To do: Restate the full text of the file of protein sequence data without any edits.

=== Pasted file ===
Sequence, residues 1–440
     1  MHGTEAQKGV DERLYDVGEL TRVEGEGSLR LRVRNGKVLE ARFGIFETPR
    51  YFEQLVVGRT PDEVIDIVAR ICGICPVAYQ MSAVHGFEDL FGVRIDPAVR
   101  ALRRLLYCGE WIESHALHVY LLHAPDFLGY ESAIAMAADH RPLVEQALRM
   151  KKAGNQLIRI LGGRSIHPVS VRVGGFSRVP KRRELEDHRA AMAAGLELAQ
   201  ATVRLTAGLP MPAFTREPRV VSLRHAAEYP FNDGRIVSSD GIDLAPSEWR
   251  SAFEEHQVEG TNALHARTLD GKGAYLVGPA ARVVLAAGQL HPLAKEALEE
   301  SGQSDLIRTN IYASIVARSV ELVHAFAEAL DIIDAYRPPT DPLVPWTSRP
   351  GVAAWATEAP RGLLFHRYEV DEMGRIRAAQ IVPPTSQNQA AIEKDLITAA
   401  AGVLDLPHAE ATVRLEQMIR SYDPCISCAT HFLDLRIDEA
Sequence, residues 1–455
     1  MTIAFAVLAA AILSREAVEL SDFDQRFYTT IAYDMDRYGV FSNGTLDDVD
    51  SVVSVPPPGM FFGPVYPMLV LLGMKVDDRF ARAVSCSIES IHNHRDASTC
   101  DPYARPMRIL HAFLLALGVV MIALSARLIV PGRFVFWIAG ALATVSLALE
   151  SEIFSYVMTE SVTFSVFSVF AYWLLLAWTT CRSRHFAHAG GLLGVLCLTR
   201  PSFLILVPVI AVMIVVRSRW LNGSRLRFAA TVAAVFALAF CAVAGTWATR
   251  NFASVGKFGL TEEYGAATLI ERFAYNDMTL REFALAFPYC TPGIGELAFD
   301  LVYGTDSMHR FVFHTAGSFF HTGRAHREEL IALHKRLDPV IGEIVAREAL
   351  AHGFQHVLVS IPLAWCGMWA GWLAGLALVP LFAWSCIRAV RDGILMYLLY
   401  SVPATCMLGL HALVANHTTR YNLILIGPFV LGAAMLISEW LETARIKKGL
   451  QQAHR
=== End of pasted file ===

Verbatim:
Sequence, residues 1–440
     1  MHGTEAQKGV DERLYDVGEL TRVEGEGSLR LRVRNGKVLE ARFGIFETPR
    51  YFEQLVVGRT PDEVIDIVAR ICGICPVAYQ MSAVHGFEDL FGVRIDPAVR
   101  ALRRLLYCGE WIESHALHVY LLHAPDFLGY ESAIAMAADH RPLVEQALRM
   151  KKAGNQLIRI LGGRSIHPVS VRVGGFSRVP KRRELEDHRA AMAAGLELAQ
   201  ATVRLTAGLP MPAFTREPRV VSLRHAAEYP FNDGRIVSSD GIDLAPSEWR
   251  SAFEEHQVEG TNALHARTLD GKGAYLVGPA ARVVLAAGQL HPLAKEALEE
   301  SGQSDLIRTN IYASIVARSV ELVHAFAEAL DIIDAYRPPT DPLVPWTSRP
   351  GVAAWATEAP RGLLFHRYEV DEMGRIRAAQ IVPPTSQNQA AIEKDLITAA
   401  AGVLDLPHAE ATVRLEQMIR SYDPCISCAT HFLDLRIDEA
Sequence, residues 1–455
     1  MTIAFAVLAA AILSREAVEL SDFDQRFYTT IAYDMDRYGV FSNGTLDDVD
    51  SVVSVPPPGM FFGPVYPMLV LLGMKVDDRF ARAVSCSIES IHNHRDASTC
   101  DPYARPMRIL HAFLLALGVV MIALSARLIV PGRFVFWIAG ALATVSLALE
   151  SEIFSYVMTE SVTFSVFSVF AYWLLLAWTT CRSRHFAHAG GLLGVLCLTR
   201  PSFLILVPVI AVMIVVRSRW LNGSRLRFAA TVAAVFALAF CAVAGTWATR
   251  NFASVGKFGL TEEYGAATLI ERFAYNDMTL REFALAFPYC TPGIGELAFD
   301  LVYGTDSMHR FVFHTAGSFF HTGRAHREEL IALHKRLDPV IGEIVAREAL
   351  AHGFQHVLVS IPLAWCGMWA GWLAGLALVP LFAWSCIRAV RDGILMYLLY
   401  SVPATCMLGL HALVANHTTR YNLILIGPFV LGAAMLISEW LETARIKKGL
   451  QQAHR